Tuesday, March 18, 2014

Through Rose Colored Glasses

In the article on climate science that I discussed in my two previous posts, William Nordhaus writes:
I believe the opposite of what the sixteen claim to be true: dissident voices and new theories are encouraged because they are critical to sharpening our analysis.
I have no expertise in climate science but I have spent my life in academia. To judge by my experience, he is describing how it should work but not how it does work.

Academics have three ways of gaining income and status in their profession. One is by being hired by a university, preferably a top university, preferably with tenure. A second is by publishing articles in journals, preferably top journals. A third is by publishing original work that the rest of their profession finds convincing. What are the implications for each of being a dissident, someone who rejects the current orthodoxy in one's field?

Hiring and promotion decisions are made by the senior faculty members, who mostly subscribe to the orthodoxy—that, after all, is what it means for a view to be orthodoxy. From the standpoint of the people deciding the dissident's fate, he is someone who has rejected truth in favor of error—not a job qualification. If sufficiently able he may overcome that handicap by persuading them that he is brilliant, technically able, unusually hard working. But it will not be easy.

Much the same applies to the second route to success. The articles he submits will be reviewed by other people in his field. They too are likely to subscribe to the orthodoxy he rejects. Here again, the situation is not hopeless. If an article is sufficiently brilliant, the reviewer may conclude that it is worth publishing even if wrong. He may even be convinced that it is right. But that is not the way to bet. Most of us are more open minded in theory than in practice.

It is only with regard to the third route that being a dissident can be an advantage. Work that supports what everyone else already believes may get you hired and published, but work that offers convincing arguments against the accepted view and for an alternative attracts more attention, not all of it hostile. It may  make you the leader of a new school of thought within your field. It may even win you a Nobel prize.

In order to achieve that sort of success, however, you have to get your work published. It also helps if you are offering your arguments from the pulpit provided by a tenured position at a top university. Those are conditions that the dissident may have trouble satisfying. I am not arguing that new views can never replace old—obviously they sometimes do. But the situation as I have observed it is the precise opposite of the rosy picture offered by Nordhaus.

So much for theory—what about evidence? 

In an earlier post, I offered an example of how dissident views are treated in practice, a prominent university that pushed out three different academics, two of them economists, because of their unconventional views—views for which all three later received Nobel prizes. In the case of the economists we know it was deliberate because the document saying so, written by the department chairman responsible, was carelessly passed on to a later chairman with different views.

For a second piece of evidence, I offer a story. It comes from Leo Rosten, an author who was a friend of my parents. It probably dates from sometime in the late fifties or early sixties.

One one occasion, Leo asked an MIT economist about minimum wage laws and got the conventional answer—that they reduce employment opportunities for unskilled workers by pushing up the cost of hiring them. He asked if that was the view of most economists and was told that it was. He asked why, in that case, economists did not make an effort to inform the public of the problem.

The answer:

"I guess we're afraid of sounding as if we agree with Milton Friedman."

I cannot prove that the story is true, but after fifty some years in academia from freshman on it strikes me as a good deal more plausible than Professor Nordhaus' rosy view.


Paul Power said...


There is some evidence to support your view. This appeared very recently https://theconversation.com/is-misinformation-about-the-climate-criminally-negligent-23111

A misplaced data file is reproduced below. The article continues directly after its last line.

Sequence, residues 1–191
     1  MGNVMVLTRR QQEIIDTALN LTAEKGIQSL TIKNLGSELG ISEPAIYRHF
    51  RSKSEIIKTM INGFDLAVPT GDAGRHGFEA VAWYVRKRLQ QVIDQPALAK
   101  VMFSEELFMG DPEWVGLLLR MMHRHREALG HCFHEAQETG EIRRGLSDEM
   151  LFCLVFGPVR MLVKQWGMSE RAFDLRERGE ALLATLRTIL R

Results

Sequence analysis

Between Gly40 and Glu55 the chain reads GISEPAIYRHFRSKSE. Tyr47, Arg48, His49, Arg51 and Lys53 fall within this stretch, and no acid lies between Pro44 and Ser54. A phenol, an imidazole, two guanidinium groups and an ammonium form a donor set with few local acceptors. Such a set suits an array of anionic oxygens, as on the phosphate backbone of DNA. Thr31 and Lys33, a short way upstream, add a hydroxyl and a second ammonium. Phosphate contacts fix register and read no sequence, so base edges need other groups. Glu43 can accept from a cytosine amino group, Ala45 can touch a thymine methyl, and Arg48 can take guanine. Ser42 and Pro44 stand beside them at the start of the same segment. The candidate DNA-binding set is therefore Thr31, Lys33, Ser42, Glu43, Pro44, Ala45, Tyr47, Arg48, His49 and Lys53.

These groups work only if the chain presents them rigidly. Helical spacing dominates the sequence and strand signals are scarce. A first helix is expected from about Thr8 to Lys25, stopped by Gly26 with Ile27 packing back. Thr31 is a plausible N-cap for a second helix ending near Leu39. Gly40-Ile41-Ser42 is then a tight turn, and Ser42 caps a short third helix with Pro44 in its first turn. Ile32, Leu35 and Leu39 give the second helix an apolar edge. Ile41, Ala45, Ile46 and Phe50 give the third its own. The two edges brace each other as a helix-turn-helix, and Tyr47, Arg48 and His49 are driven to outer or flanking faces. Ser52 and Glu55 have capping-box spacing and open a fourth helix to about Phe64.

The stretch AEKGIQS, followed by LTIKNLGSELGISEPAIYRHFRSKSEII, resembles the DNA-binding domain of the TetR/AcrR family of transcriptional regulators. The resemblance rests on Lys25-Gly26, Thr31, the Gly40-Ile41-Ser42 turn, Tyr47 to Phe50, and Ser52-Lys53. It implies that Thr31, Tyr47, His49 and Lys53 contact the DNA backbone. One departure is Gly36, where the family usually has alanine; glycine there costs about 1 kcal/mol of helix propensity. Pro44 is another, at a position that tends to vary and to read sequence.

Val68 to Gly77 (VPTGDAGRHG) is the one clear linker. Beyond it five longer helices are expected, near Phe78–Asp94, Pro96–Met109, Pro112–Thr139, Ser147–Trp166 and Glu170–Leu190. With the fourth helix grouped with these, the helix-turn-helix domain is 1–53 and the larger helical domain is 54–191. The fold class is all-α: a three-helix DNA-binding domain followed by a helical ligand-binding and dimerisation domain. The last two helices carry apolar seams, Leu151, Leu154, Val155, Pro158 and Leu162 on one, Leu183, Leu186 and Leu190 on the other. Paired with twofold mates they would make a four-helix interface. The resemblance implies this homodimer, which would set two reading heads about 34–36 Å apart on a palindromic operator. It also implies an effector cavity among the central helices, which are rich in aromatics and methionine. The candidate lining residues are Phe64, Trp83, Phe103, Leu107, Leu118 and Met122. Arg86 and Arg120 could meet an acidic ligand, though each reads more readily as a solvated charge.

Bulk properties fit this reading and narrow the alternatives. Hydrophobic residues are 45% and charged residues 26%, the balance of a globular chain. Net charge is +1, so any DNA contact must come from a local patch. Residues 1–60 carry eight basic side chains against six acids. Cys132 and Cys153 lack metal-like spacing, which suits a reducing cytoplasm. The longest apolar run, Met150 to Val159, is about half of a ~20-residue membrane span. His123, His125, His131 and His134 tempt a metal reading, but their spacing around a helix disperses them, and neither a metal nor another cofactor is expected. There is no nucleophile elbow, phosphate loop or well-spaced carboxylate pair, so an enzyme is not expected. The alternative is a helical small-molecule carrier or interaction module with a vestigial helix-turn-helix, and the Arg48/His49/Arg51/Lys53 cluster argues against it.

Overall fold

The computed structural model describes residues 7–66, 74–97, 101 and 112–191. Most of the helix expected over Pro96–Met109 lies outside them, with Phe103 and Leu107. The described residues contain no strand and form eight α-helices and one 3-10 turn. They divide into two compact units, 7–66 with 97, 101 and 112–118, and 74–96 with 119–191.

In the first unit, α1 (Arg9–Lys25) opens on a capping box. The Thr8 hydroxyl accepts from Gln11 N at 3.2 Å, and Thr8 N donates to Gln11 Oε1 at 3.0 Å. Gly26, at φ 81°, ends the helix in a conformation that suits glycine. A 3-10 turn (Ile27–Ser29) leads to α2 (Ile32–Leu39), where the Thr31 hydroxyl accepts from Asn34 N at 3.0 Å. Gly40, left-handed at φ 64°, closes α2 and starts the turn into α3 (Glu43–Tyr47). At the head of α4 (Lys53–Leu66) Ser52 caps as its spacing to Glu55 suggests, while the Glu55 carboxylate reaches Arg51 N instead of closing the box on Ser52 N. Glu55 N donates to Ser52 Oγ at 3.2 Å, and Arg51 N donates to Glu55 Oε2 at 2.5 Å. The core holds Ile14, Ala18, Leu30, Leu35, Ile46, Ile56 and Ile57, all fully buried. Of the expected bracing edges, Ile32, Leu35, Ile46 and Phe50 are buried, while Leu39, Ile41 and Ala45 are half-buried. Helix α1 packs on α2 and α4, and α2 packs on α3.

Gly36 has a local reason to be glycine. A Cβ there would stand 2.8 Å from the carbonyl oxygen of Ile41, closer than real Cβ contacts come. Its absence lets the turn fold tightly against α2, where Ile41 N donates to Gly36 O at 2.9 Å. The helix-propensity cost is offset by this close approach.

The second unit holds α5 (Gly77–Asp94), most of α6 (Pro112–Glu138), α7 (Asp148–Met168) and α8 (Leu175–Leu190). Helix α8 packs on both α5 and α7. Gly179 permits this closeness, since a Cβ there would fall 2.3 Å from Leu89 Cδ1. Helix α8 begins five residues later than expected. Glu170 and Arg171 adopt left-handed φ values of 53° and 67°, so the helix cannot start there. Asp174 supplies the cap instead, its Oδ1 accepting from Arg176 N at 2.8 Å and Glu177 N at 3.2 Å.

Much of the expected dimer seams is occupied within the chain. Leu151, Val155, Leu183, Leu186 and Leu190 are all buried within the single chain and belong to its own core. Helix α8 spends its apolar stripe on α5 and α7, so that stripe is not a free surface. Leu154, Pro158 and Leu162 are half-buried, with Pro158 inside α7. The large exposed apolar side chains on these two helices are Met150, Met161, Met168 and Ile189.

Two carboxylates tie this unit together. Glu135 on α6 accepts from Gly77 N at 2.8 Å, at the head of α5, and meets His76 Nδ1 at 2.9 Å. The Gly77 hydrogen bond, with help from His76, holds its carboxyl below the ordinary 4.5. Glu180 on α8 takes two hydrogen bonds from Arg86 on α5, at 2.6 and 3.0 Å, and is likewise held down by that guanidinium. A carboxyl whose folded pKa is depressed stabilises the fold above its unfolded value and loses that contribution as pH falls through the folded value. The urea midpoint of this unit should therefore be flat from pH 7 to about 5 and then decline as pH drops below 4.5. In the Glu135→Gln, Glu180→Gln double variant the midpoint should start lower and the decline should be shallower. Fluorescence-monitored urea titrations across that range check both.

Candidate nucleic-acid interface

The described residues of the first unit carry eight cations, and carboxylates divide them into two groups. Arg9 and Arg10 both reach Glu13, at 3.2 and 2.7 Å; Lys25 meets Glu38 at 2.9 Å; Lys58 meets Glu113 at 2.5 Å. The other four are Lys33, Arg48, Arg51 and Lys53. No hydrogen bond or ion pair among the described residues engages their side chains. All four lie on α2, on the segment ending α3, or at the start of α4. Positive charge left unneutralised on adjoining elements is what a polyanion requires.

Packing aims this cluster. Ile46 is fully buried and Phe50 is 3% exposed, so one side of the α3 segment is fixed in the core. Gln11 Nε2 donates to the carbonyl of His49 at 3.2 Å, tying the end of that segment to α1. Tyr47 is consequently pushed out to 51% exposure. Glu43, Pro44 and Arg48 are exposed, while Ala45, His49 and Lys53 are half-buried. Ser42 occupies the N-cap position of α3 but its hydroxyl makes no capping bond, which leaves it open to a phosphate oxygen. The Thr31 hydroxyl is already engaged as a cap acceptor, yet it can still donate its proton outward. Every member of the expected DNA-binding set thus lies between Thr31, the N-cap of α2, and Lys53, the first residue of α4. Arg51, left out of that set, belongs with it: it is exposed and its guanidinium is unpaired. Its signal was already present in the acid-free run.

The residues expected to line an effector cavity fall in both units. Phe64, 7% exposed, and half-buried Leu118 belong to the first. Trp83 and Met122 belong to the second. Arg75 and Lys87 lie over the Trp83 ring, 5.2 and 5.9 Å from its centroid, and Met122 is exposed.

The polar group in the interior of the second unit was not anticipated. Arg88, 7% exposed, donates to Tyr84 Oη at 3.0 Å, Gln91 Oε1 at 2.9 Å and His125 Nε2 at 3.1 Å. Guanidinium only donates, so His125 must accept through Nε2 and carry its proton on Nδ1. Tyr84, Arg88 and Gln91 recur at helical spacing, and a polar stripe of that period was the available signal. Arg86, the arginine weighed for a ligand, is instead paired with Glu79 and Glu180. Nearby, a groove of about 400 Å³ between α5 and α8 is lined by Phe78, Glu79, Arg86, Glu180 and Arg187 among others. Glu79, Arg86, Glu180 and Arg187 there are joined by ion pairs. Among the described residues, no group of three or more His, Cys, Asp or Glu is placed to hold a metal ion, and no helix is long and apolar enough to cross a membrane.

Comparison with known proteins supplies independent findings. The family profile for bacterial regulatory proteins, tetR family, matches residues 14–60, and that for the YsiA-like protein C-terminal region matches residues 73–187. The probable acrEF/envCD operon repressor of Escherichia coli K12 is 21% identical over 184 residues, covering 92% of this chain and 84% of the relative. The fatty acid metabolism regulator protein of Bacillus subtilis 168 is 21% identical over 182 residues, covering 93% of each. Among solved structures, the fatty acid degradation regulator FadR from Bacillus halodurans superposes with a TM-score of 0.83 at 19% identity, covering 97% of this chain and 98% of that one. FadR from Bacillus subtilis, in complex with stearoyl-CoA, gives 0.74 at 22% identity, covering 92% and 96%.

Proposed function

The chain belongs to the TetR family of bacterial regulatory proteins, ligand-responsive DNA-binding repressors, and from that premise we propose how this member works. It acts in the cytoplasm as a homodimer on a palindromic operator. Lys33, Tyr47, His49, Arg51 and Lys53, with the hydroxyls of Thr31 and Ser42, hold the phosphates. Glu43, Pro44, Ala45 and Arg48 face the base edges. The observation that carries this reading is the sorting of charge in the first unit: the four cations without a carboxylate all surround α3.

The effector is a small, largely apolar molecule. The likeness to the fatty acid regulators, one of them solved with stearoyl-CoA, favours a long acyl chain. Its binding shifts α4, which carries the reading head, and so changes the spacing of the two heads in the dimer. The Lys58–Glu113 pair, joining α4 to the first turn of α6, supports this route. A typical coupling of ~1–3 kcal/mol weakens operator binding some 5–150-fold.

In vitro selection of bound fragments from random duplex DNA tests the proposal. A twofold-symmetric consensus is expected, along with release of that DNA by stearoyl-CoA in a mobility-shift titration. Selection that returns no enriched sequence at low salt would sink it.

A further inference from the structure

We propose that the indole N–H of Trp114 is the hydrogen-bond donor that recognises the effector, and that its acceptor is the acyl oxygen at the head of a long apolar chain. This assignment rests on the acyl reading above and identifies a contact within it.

"When it comes to global warming, much of the public remains in denial about a set of facts that the majority of scientists clearly agree on. With such high stakes, an organised campaign funding misinformation ought to be considered criminally negligent." etc, from an "Assistant Professor of Philosophy at Rochester Institute of Technology ".

Anonymous said...

"I guess we're afraid of sounding as if we agree with Milton Friedman."

I would take that as one huge complement.

brendan said...

Steven Pinker's the Blank Slate is the highest octane antidote to academic idealism that I've read. Particularly since laymen can grasp human-nature topics more easily than econ ones. Laymen don't really have opinions on the minimum wage; they do on nature/nurture/jealousy/envy, etc. And Joe Dirt 100 IQ plumber understood people better than the mid 20th century Harvard social scientist.


I think the most reductionist divide between the left and right is their level of trust in the academic establishment.

August said...

After reading Celia Green for a few years, I just finally developed the assumption that higher education is now designed to screen people like me out rather than putting us into research positions. I realized global warming was inaccurate when I was fifteen- does anyone really think I had a legitimate chance to get into climatology?

sconzey said...

This explains why within a University there is a single orthodoxy, but it doesn't explain why all Universities have the same orthodoxy on all major aspects of all major issues.

What one would expect is that the dissident scientists would gang together and found their own research groups with their own journals. Eventually one orthodoxy comes to dominate one University, a different orthodoxy another. Harvard takes string theory; Yale takes quantum gravity. Enemy journals would be eagerly scrutinised, with every scientific shortcoming vivisected in excruciating detail, the offending scientists humiliated before their peers and the world. Incredible and elaborate pranks are played at conferences.

This doesn't happen. Why not?

August said...

When the centralized funding runs out, the centralized thinking will stop too. Innovation was probably higher in Victorian times, for, in addition to being smarter, there were more independent fortunes to be spent on wildly dissimilar ideas.

David Friedman said...

Sconzey: To some extend what you describe does happen. I like to claim that in every field there are two schools—the orthodoxy and the Chicago School. What the difference is varies from field to field, but the University of Chicago tends to be a home for the dissidents. There are other examples—I think U. Mass Amherst has long been a Marxist holdout—but Chicago is the one I know best.